MAKE RAINY SEASON QUARANTINE FUN!
Rainy days are here, and we are still quarantined.
And our kids are now very, very anxious inside the house, and with everything that is happening, we, the poor, still working with twice the stress parents, now have a situation in our hands.
BUT DO NOT FRET. We have a couple of suggestions for you to make quarantine home isolation-slash-prison for you, your kids, and every neighbor within ten meter radius.
First, you’ll need a kid. Toddler, preferably. Second, order your NoCough Patches right here. Third, patience. Fourth, patience. And fifth, (you guessed it), patience. Also, sixth is a bunch of pens, seventh are balls, and lastly, something that can take a kid's attention.
Before we do that, let us refresh ourselves as to why it is important to keep our kids off of unprotected areas and have them protected at all times. Here are some of the illnesses that they could catch during the rainy season.
- RSV (Respiratory Syncytial Virus) Cough
Respiratory syncytial virus, commonly known as RSV, is a serious illness that can lead to other severe respiratory problems, including pneumonia, heart or lung failure, and more. RSV can be potentially life-threatening for infants whose airways are not fully developed, which can lead to choking and breathing issues. The symptoms of RSV can be similar to those of the common cold, but often the cough is chronic and includes thick yellow or green mucus.
Because RSV is a viral infection that cannot be treated with antibiotics, it’s important to take precautions to prevent your child from being exposed to it. Respiratory syncytial virus is contagious and transferred through contact with others. Never kiss your baby if you are showing cold or flu symptoms, and ensure that anyone who holds your child washes their hands before doing so. RSV can be contracted by any infant, but those who are born prematurely or who have problems with heart or lung function are especially susceptible to the illness. Keeping your child away from crowds, daycare facilities, and other children and adults who are showing signs and symptoms of a cold or the flu for the first few weeks after birth can prevent their chances of contracting RSV.
- Common Cold Cough
The common cold is, like it’s name, extremely common. While symptoms may be mild to moderate for most adults, infants with symptoms of illness should always be seen by a pediatrician. The most common symptoms of the common cold include a wet cough, runny nose, sneezing, watery eyes, a fever, and congestion. Your child may also be less likely to follow their normal routine, including sleeping more, eating less, and being less active. All of these symptoms can also be an indication of other serious illnesses like influenza and whooping cough, so it’s always best to make an appointment with your child’s doctor if you notice anything out of the ordinary or detect a fever of more than 100°F.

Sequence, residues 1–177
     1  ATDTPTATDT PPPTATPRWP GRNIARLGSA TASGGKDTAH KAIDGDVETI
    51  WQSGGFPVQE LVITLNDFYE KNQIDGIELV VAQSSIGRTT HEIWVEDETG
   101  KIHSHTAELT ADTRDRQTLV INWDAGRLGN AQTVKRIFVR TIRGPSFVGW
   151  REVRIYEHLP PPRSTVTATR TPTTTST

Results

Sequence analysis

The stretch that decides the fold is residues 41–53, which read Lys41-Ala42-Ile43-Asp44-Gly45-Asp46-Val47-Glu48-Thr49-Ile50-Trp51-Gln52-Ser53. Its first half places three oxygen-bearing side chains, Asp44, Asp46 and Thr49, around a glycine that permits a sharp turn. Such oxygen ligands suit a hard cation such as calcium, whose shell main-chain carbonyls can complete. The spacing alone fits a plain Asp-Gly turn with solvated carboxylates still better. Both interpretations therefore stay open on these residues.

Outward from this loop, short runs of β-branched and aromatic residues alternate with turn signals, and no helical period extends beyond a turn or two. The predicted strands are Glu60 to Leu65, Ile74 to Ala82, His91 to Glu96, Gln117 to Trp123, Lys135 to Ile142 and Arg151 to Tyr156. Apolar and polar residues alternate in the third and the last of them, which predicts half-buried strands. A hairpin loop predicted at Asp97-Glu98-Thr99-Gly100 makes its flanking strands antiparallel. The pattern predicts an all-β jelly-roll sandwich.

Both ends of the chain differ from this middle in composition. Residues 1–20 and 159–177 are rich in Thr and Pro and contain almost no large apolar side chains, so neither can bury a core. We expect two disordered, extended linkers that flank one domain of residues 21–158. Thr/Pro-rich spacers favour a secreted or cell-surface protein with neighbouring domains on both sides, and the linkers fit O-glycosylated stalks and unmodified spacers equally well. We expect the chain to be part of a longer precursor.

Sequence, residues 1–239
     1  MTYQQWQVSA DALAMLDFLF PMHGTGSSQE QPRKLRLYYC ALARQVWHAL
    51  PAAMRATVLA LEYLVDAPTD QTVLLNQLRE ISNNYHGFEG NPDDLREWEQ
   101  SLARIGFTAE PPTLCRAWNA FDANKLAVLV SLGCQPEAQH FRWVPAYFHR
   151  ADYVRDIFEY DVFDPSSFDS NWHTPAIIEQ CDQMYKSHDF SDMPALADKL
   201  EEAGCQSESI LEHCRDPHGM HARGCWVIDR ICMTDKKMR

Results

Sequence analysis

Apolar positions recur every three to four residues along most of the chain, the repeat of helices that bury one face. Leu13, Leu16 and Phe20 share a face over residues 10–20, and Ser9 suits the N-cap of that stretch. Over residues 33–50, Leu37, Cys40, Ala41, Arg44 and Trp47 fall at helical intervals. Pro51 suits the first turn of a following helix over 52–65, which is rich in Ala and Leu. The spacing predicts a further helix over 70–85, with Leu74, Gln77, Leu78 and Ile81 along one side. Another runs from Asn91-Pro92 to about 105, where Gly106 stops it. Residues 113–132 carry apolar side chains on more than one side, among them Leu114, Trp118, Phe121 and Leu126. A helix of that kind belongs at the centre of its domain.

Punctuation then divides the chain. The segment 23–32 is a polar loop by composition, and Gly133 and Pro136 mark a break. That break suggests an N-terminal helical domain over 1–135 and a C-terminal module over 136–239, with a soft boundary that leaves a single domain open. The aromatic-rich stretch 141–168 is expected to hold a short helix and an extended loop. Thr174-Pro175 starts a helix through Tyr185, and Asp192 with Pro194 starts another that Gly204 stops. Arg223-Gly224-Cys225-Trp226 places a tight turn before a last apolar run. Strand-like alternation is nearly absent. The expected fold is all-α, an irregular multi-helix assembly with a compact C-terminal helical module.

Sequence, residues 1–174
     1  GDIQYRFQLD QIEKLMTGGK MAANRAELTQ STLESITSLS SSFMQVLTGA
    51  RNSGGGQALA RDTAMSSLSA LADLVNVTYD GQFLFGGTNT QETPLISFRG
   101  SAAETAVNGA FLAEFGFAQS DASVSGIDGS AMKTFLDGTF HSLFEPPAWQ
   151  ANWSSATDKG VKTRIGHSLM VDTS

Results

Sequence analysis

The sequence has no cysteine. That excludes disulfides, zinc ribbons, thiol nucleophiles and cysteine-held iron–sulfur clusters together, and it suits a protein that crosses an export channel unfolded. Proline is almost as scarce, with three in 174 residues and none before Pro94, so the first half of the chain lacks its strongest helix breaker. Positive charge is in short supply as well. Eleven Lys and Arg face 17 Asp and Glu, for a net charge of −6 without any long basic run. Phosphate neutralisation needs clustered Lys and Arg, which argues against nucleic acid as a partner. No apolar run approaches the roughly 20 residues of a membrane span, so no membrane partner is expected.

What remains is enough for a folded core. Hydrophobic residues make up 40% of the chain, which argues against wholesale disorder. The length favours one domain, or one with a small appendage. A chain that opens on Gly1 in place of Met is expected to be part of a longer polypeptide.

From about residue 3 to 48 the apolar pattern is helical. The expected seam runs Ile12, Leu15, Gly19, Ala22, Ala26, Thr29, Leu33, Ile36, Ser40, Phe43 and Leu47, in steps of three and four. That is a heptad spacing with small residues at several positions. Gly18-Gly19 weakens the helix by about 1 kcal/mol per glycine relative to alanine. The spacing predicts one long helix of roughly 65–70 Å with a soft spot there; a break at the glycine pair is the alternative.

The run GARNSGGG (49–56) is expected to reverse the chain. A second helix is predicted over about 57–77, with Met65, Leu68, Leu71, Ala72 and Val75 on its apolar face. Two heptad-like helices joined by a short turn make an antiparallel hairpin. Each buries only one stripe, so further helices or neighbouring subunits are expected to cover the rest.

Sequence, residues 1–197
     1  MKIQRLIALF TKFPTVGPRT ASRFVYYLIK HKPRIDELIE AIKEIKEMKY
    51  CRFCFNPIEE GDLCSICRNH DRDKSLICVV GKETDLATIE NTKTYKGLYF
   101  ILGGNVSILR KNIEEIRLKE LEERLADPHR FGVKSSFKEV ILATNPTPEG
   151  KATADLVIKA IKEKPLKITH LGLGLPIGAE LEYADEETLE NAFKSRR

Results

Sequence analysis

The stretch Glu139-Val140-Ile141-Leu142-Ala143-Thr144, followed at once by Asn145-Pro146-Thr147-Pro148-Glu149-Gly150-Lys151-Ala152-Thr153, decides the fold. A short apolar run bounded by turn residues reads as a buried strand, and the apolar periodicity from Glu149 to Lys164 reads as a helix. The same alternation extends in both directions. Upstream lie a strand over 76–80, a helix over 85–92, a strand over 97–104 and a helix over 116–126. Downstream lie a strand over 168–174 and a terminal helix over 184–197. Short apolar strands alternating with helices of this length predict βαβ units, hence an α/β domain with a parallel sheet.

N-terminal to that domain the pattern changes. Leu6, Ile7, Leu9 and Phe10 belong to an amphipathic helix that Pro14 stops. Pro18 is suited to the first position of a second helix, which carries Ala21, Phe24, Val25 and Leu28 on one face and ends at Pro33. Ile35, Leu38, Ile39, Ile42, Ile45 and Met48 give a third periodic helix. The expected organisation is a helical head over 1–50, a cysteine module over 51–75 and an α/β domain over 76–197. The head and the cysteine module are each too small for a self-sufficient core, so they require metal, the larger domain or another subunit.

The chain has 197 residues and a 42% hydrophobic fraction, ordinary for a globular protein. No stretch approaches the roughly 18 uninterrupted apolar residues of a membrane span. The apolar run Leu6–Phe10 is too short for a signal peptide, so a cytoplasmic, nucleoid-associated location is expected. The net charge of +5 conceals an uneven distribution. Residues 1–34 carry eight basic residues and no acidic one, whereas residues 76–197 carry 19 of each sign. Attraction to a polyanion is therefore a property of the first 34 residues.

- Bronchitis Cough
Following a cold or flu, bronchial tubes can become swollen and infected, which can lead to chronic or acute bronchitis. When bronchial tubes swell, it can make it harder for air and mucus to pass through. In infants whose lungs are not as strong and fully developed as adults, this can cause serious problems. If your child has a barking or raspy cough, this could be a symptom of bronchitis or of pertussis. Both require immediate medical attention.
- Acute Sinusitis Cough
The symptoms of sinusitis in infants and children can vary, but many experience severe cold-like symptoms, including a thick nasal discharge, chronic cough, swelling of the face, and a low-grade fever that persists.
- Hay Fever Cough
Hay fever and allergies can cause an itchy throat and dry cough in adults and children, but again, infants with underdeveloped lungs and respiratory symptoms may experience chest pressure and discomfort or trouble breathing from coughing, the blockage of airways, an inability to produce mucus that can become lodged in airways, and more. Your child’s pediatrician can determine whether or not his or her coughing is a symptom of chronic or seasonal allergies or if a more serious condition is to blame.
Now that we’ve touched those facts, let us now keep our kids busy so that they would not feel quarantined like a prisoner but an extended summer vacation!
Grab some pens, and NoCough patches. Let their imagination run wild and draw anything on the patches! Superhero emblems, rainbows, dinosaurs, anything! Best thing is, it will not affect the efficacy of the cough patches!
If you already have a lot of NoCough boxes stocked up, well good for you. But also, you can use them as bowling pins! Let the kid attempt a strike again and again and again and again and…..
AND BONUS FOR THE PARENTS!
Silently put a cough patch (or two!) behind his or her back, and count the minutes until he or she notices. Just hold your laugh because that might be a telltale for the toddlers.
If you did these things, let us know! Send as a photo and video and we will definitely post it on our socials!